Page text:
Once again, this was a big sweetie, though in this case water actually helped to reign that in. I really enjoyed the nose, but felt like the palate didn't quite live up to its promise. Also, I can't say that it's a sufficient improvement over the younger Sherry Single Cask I tried to make me want to pony up the extra cash (especially since the Sherry Single Casks have been dead cheap around here). With that said, I would happily take this one over the Premium Bourbon Cask - the sherry adds complexity that the bourbon couldn't bring.

Arran Devil's Punchbowl II

Nose: baked bread, very mild peat notes (just an accent), bourbon barrel (vanilla, caramel, oak), fresh malt, a little vegetal. After adding a few drops of water, it became more malt-focused with a hint of sherry, the peat integrated and retreated, it became more vegetal with stronger oak, and some sweet berries came out.

Taste: sweet malt entwined with a thread of peat smoke over a thin layer of sherry, medium oak and malt growing towards the back. After dilution, it becomes sweet and moderately oaky throughout, with more noticeable sherry, the peat lurks at the back, and it becomes peppery from the mid-palate to the end.

Finish: mild peat, malt, bourbon barrel notes, a hint of stewed fruit/sherry

While I liked the concept of the Devil's Punchbowl - a combination of older bourbon and sherry casks with younger peated whisky - the quality of Arran's peat keeps rubbing me the wrong way. I'd love a blended malt with Arran's unpeated whisky combined with something smoky, but I think I'd have to try making it at home to find something that will click with me. This one has gotten rave reviews, so clearly some people love it, but I would definitely file it under 'try before you by', especially at the price point.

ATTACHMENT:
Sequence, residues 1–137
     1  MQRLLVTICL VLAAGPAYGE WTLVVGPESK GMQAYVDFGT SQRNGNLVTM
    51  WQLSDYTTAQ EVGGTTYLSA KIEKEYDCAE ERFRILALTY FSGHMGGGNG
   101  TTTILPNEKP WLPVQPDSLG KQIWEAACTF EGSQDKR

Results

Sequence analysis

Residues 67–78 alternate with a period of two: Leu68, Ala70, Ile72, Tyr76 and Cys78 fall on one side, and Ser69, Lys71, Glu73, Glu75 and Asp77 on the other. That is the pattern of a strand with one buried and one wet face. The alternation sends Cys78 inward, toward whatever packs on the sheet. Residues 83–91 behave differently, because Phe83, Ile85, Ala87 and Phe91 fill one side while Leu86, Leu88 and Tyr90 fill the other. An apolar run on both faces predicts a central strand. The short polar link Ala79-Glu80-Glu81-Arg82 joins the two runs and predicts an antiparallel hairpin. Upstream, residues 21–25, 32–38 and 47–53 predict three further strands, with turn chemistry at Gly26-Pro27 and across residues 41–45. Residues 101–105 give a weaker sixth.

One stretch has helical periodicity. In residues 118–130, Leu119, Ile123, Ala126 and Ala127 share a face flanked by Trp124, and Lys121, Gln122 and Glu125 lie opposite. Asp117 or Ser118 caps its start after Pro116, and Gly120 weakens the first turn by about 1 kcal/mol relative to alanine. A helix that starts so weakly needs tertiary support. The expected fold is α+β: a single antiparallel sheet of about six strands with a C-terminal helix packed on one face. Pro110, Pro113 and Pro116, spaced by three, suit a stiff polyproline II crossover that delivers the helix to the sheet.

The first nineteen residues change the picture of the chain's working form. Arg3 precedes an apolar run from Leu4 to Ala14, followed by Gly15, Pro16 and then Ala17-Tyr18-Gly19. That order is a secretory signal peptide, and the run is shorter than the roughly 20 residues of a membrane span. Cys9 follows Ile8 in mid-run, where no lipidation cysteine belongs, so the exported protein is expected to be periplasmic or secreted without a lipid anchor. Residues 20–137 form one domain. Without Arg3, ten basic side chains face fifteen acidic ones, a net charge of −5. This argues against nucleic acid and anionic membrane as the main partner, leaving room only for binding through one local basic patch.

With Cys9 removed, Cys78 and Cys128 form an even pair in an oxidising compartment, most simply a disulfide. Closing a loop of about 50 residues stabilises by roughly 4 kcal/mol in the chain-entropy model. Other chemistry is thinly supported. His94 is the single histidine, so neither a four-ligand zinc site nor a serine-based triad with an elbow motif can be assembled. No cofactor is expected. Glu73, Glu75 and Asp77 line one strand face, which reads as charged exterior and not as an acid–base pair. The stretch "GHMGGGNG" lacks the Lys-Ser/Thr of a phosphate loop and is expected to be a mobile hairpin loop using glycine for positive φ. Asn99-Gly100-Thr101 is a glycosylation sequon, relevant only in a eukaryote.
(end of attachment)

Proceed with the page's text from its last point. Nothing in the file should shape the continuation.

Monday, January 20, 2014

Whiskey Review: Willett Single Barrel Rye Barrel #38

One of the biggest trends in the American whiskey world over the last few years has been sourced whiskies. And by far the biggest supplier of sourced whiskies has been MGP (previously known as LDI), the Indiana-based former Seagram's plant that was quietly churning out whiskey on contract for many years before it was discovered to be the last remaining source of aged bulk whiskey for sale in America. Most importantly, they produced whiskey with a unique 95% rye mash bill, originally designed for flavoring blended whiskeys, that could fill some of the unmet demand for rye whiskey.

Despite the name, Kentucky Bourbon Distillers did not have an operating still from 1984 until 2012, so all of the whiskey they have released over the last few decades has been sourced from elsewhere. While much of it has been from the closely located Heaven Hill Distillery, they have also sourced bourbon and rye whiskey from MGP.

KBD puts out single barrel whiskeys from various distilleries under the Willett label. The ryes are mostly from MGP, which can be determined by looking for the phrase 'Distilled in Indiana' on the back label. All are relatively young, ranging from three to six years old, and bottled at 55% ABV. This one is from Indiana and was bottled at 5 years old.